The Truth is Out There

Don't fall into the trap of lying about your competitors, and don't just take it if they lie about you.
Magazine Contributor
3 min read

This story appears in the August 2005 issue of Entrepreneur. Subscribe »

Remember that childhood chant: "Liar, liar, pants on fire"? Chances are, at one time in our lives (likely before we turned 11), we all hurled this phrase at someone we knew. As kids, we weren't afraid to call a liar a liar. Adults, on the other hand, are generally not that blunt (or honest).

Lying, unfortunately, has been raised to an art form in many facets of our lives. This is particularly apparent in the area of sales and marketing. We've all seen commercials that, instead of touting their own product's benefits, take aim at competitors. And even months later, only a small fraction of those who saw the original ads know that the claims made were false or misleading.

Entrepreneurs are especially vulnerable to this type of marketing. Small ad budgets can easily lead to fast and sloppy campaigns. It's often easier to say something bad or misleading about your competition than it is to say something good about yourself. And you look at the big guys and see so many lies that you figure it's OK. Or you say, "It's just business." But it's not. "It's easy" or "Everyone does it" are not valid excuses.

Disagree? Put yourself on the other side. What if your competitors (large or small) started lying about your company? Would you chalk it up to it just being business, or would it tick you off? Of course it would make you mad. But the question is, What would you do about it? Would you strike back? Go on the attack? Fight fire with fire, and lie about them? Or would you be above it all and let it ride?

Obviously, I don't vote for the "a lie for a lie" approach. But I don't think passivity is the answer, either. An unanswered lie can take on a life all its own. It can grow by its own momentum. If you don't fight back, the unsuspecting may start to believe the falsehoods, which is only going to make it harder for you.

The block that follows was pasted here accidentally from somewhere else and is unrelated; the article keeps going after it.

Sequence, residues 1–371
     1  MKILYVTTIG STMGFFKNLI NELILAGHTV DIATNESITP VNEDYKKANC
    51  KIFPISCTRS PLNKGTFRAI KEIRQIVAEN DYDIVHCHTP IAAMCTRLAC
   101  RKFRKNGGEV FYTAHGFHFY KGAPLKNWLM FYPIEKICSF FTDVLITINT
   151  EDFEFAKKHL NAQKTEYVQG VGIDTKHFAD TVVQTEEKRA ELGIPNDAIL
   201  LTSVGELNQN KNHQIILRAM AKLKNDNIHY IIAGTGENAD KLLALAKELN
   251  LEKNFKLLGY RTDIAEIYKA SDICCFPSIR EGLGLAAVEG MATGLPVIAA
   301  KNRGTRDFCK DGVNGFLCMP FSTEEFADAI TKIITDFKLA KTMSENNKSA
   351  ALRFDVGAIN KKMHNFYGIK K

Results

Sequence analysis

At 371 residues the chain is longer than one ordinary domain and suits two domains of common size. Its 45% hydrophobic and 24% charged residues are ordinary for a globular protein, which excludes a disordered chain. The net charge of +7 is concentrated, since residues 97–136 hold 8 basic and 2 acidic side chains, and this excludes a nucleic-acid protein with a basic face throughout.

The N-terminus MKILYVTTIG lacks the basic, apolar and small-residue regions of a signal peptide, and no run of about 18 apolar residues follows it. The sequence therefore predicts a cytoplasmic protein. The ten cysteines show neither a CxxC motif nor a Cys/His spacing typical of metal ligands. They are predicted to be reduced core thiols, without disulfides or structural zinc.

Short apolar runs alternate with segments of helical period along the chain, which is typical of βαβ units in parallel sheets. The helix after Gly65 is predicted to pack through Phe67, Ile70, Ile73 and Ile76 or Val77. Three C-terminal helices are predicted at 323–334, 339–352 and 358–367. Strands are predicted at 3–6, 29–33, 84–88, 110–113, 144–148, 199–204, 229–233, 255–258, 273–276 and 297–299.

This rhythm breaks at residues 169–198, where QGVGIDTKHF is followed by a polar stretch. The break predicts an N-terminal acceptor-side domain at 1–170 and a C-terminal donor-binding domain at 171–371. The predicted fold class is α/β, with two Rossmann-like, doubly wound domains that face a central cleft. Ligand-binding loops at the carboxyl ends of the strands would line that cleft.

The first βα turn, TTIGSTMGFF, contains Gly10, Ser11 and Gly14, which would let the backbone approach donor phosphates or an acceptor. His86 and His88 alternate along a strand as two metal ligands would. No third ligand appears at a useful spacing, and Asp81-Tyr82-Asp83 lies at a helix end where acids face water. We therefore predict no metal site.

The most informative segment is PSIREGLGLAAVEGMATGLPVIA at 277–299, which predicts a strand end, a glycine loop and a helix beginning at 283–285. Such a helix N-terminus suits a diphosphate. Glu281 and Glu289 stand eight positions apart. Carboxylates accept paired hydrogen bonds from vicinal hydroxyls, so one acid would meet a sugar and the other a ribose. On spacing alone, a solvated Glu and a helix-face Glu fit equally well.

Entrepreneur is a small to midsize business, just like your company. And I'm not just writing this theoretically, but from experience. We just discovered that one of our competitors has been lying about us. They claim that you readers are not true entrepreneurs, eagerly growing your businesses, but a bunch of mom-and-pops, franchisees or wannabe business owners. What do they base this on? Nothing. They just made it up. All the research (objective third-party data) indicates otherwise. And they know that--they subscribe to the same research we do. But it suits their purposes to lie. They have no good news of their own to tout, so they lie about Entrepreneur. In fact, the auditing organization that monitors most magazines' circulation claims caught them making false claims about their circulation. Just so you know, we practice what we preach: Once we found out, we fought back--with the truth.

Acclaimed critic Kenneth Tynan once wrote, "It is the nature of ambition to make men liars and cheats . . . ." The Pollyanna in me says this isn't true. The realistic side of me says it may well be. If so, since most entrepreneurs are ambitious, telling the truth may be a fight against nature. But it's a fight we cannot afford to lose.


More from Entrepreneur

Get heaping discounts to books you love delivered straight to your inbox. We’ll feature a different book each week and share exclusive deals you won’t find anywhere else.
Amplify your business knowledge and reach your full entrepreneurial potential with Entrepreneur Insider’s exclusive benefits. For just $5 per month, get access to premium content, webinars, an ad-free experience, and more! Plus, enjoy a FREE 1-year Entrepreneur magazine subscription.
Discover a better way to hire freelancers. From business to marketing, sales, finance, design, technology, and more, we have the freelancers you need to tackle your most important work and projects, on-demand.

Latest on Entrepreneur